Many colleges have a similar policy, such as Harvard University and Northeastern University. SGA Accessibility Chair Jolie Gagnon says that the policy has positive impacts in terms of accessibility

“Requiring emails on posters is a previously established accessibility initiative that prevents situations where individuals requiring accommodations are unable to contact event organizers with their questions and concerns. Accessibility statements are supposed to be on every single flier and event post, even on social media, but usually aren’t.” Gagnon said in an email to The Wire. “Requiring contact information on posters, along with most other parts of the poster policy, were already requirements in place that just had not been enforced.”

In The Wire’s September issue, we reported that Wheaton received a yellow speech code from the Foundation for Individual Rights and Expression (FIRE) because Wheaton has “at least one ambiguous policy that too easily encourages administrative abuse and arbitrary application.” This was before the October 7th attack on Israel by Hamas, which killed  1,200 people and led to the abduction of 250, and before Israel’s subsequent siege on Gaza, which has killed 29,000 people.  

While lives are lost in Gaza, American campuses are struggling with how students should discuss and demonstrate on the issue. In many cases, this has led to clashes between administration, outside groups, and students. Over in Cambridge, pro-Palestine students at Harvard University were the victims of a “doxxing truck,” which displayed the names and faces of students who signed a controversial statement which blamed Israel for the Hamas attack. It labeled the students as “Harvard’s leading anti-semites” and as a result, students’ names and information were posted on four different websites. At Columbia University in New York, pro-Palestinian student groups were suspended, due to what the school called “threatening and invasive rhetoric.”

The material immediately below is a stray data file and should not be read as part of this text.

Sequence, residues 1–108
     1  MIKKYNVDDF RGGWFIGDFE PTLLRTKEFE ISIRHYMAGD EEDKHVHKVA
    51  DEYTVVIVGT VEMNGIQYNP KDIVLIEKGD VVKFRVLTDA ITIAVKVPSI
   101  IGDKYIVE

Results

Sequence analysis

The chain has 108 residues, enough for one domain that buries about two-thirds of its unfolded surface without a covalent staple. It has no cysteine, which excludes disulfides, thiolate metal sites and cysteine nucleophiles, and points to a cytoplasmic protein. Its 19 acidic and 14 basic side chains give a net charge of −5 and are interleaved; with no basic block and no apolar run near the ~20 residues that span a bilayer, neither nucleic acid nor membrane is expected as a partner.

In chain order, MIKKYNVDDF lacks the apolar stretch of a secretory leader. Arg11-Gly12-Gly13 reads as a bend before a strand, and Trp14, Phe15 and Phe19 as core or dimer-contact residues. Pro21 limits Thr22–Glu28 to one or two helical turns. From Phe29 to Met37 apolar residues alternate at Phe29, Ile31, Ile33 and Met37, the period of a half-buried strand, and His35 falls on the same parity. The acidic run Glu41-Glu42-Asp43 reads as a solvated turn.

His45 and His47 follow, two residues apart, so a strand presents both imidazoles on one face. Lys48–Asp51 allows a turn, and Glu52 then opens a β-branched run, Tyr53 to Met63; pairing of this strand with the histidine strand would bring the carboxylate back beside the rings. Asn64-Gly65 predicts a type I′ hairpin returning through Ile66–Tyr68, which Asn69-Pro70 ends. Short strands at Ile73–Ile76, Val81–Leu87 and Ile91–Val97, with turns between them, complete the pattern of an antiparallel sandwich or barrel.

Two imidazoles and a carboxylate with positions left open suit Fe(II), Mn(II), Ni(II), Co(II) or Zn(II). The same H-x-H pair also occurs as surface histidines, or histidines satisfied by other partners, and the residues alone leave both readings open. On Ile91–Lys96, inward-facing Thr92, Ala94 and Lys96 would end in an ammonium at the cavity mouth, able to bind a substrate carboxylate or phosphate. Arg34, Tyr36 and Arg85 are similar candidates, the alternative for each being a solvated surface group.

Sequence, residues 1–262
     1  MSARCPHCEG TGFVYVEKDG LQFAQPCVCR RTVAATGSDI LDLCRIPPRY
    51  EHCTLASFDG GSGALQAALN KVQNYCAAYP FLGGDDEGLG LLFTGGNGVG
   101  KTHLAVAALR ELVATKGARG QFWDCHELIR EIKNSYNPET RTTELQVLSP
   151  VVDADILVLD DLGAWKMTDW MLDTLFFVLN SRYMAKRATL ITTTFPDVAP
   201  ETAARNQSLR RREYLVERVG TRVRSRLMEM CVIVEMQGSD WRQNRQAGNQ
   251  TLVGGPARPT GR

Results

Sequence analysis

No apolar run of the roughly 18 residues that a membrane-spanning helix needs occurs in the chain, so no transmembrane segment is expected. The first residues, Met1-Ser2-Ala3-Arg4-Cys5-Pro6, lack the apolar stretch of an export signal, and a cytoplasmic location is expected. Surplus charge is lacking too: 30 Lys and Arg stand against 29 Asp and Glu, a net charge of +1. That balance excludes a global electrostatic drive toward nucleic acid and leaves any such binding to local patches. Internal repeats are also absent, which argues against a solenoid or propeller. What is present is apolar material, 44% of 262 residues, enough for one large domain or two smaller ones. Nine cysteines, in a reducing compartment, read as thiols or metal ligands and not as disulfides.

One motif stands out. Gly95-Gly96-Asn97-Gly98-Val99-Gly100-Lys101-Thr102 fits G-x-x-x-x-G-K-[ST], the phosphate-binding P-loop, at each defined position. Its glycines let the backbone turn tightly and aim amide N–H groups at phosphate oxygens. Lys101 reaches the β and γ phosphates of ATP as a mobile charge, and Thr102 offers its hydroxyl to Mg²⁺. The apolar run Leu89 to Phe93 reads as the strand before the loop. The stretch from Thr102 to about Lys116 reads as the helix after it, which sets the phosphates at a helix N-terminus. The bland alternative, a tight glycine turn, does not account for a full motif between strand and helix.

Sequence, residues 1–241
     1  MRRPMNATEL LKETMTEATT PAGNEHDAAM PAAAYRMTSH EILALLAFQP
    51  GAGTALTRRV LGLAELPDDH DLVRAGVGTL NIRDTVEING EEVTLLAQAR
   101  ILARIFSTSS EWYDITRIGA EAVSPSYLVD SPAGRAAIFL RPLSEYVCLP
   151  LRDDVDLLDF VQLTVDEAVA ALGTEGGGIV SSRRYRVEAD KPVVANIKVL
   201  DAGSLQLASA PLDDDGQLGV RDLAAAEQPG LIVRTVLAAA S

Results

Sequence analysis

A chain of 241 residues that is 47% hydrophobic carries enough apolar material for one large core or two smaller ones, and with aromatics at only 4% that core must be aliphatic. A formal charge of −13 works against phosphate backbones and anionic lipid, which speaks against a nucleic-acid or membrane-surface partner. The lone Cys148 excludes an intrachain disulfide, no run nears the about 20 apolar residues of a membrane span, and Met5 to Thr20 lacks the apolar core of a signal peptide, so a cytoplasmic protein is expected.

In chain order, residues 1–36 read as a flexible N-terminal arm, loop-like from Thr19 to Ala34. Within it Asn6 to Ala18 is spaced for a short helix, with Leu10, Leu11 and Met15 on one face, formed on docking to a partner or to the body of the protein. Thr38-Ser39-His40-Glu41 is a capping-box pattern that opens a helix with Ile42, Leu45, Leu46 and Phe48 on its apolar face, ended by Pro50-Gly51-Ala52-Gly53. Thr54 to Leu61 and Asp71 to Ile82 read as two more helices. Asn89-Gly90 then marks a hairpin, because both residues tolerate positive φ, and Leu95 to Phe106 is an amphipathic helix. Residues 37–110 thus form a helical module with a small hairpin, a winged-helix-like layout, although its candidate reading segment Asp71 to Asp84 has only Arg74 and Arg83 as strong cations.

Many schools have had demonstrations, walkouts, and protests. 30 minutes away, at Brown University, students partook in a hunger strike to pressure their university to divest from Israel.Wheaton has seen little student activism or interruption from the Israel-Hamas war. That changed last week with the ceasefire posters and the chalking, but by the afternoon, almost all of the posters were taken down and the chalk was washed away that morning.